protagonist wrote: ↑Sat Mar 30, 2024 6:06 pm
Thanks again, Kevin! One more question.

Kevin M wrote: ↑Sat Mar 30, 2024 1:16 pm
excluding any term-premium, which could be positive or negative, rolling 1-year TIPS for 10 years has the same expected return as holding a 10-year TIPS to maturity.

I get that now. Except...

What do you mean by "term premium"? Is that synonymous with the discount/premium at which you purchased the bond, or something else?

And does it influence which ones you sell? And if so, how and why?

(That was more than one question. Sorry.)

The New York Fed has a web page related to this:

Treasury Term Premia. From that page:

In standard economic theory, yields on Treasury securities are composed of two components: expectations of the future path of short-term Treasury yields and the Treasury term premium. The term premium is defined as the compensation that investors require for bearing the risk that interest rates may change over the life of the bond. Since the term premium is not directly observable, it must be estimated, most often from financial and macroeconomic variables.

The first part, "expectations of the future path of short-term Treasury yields" means that, other than the term premium, the expected return of a 10-year Treasury is the same as that of rolling a 1-year (or 1m or 3m or 6m) Treasury for 10 years. With the current inverted yield curve, this means that the shorter-term yields are expected to decline.

For example, on Thursday the 1y CMT yield was 5.03% and the 10y was 4.20%, so over the next 10 years the 1y yield is expected to decline so that you'd end up earning an annualized 4.20% if you rolled the 1y annually for 10 years.

The term premium is the extra yield, above what the expectations part implies, that is compensation for taking the risk of going long, given that the path of short-term yields is uncertain.

Next on the page:

Current and former New York Fed economists Tobias Adrian, Richard K. Crump, and Emanuel Moench developed a statistical model to describe the joint evolution of Treasury yields and term premia across time and maturities, described in detail in Adrian, Crump, and Moench (2013).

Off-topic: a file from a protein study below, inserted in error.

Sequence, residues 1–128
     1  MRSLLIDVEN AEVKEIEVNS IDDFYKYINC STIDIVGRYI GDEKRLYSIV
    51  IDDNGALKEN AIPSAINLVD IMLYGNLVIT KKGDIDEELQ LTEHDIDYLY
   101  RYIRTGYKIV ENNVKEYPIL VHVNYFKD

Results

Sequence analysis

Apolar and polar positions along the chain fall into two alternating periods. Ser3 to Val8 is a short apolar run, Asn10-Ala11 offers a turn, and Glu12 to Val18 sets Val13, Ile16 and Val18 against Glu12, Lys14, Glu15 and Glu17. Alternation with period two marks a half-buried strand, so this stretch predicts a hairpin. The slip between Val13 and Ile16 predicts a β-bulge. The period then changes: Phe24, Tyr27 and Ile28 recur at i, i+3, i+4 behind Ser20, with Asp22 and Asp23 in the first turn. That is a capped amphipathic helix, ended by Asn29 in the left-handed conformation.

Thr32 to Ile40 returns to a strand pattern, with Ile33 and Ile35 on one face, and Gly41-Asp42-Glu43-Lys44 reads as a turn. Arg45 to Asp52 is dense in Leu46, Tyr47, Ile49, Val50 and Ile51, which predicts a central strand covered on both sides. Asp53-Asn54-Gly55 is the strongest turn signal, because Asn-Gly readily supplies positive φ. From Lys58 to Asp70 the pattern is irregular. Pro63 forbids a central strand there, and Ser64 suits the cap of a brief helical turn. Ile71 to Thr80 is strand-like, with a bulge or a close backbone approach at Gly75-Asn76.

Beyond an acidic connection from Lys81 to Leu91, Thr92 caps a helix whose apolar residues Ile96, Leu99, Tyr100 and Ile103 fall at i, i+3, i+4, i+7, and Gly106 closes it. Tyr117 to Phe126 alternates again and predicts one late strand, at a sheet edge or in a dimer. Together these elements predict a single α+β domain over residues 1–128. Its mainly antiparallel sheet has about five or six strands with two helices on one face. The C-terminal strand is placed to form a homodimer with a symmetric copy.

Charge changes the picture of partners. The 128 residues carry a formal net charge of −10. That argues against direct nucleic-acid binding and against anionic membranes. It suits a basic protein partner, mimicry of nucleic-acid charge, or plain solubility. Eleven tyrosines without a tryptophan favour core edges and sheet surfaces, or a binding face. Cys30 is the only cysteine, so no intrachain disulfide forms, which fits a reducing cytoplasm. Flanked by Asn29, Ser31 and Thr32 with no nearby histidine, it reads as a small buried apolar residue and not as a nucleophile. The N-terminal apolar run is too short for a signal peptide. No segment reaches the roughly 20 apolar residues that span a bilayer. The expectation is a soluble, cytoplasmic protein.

Here's the term premium chart that's linked on that page:

Note that the term premium usually is positive, which is what we'd expect, since investors should be compensated for the risk of the uncertainty of forward short-term rates, but it has been negative at times in recent years, and the most recent value, for Feb 2024, is -0.162 (negative).

What is the implication of a negative term premium? It seems to indicate that investors view shorter-term Treasuries as riskier than longer-term Treasuries. One way to look at that might be that reinvestment risk is getting more weight in investment decisions than price risk. Ben Bernanke wrote an article about this in 2015:

Why are interest rates so low, part 4: Term premiums | Brookings.

The economic conditions were different when he wrote the article, so some of the ideas don't apply to the current environment, but he did say this:

If longer-term bonds are a hedge against risk, then investors should be willing to accept low or even negative compensation for holding bonds rather than short-term securities.

At any rate, like the liquidity and unexpected inflation premia that apply to breakeven inflation, the term premium is not observable, so the best we can do is use models to estimate it. That's why I expressed uncertainty as to what term premium is embedded in the present yield curve.

In terms of the investment decisions we've been discussing, I brought it up in pondering whether to sell shorter-term TIPS with higher yields, or not quite as short-term TIPS with lower yields to buy longer-term TIPS with even lower yields.

If we assume that the term premium is 0, then the expected return of rolling a 1y TIPS into another 1y TIPS has the same expected return as holding a 2y TIPS; i.e., the 1y yield 1y from now is expected to be lower by an amount that can be determined from this equation:

(1+y1) * (1+y1_1) = (1+y2)^2,

where y1 = 1y yield now, y1_1 = 1y yield one year from now, and y2 = 2y yield. We can solve for y1_1 as follows:

y1_1 = (1+y2)^2/(1+y1) - 1

Plugging in the 1y and 2y CMT yields from Thursdsay:

y1_1 = (1+4.59%)^2/(1+5.03%)-1 = 4.15%

Which means that with a term premium of 0, the expected 1y yield one year from now is 4.15%.

So if the term premium is 0, I should be indifferent to rolling a 1y bond for two years or holding a 2y bond to maturity. If I were to sell my 2y TIPS to buy longer-term TIPS, I am expressing a preference for holding some shorter-term TIPS, which implies I would roll the 1y TIPS into another 1y TIPS at maturity. Rather than do that, I might as well just sell the 1y TIPS, even though the yield is higher, especially since it is functioning more like a nominal bond than the 2y TIPS.

Since the term premium is not observable, and it might even be slightly negative now, I just assume it's zero.

If I make a calculation error, #Cruncher probably will let me know.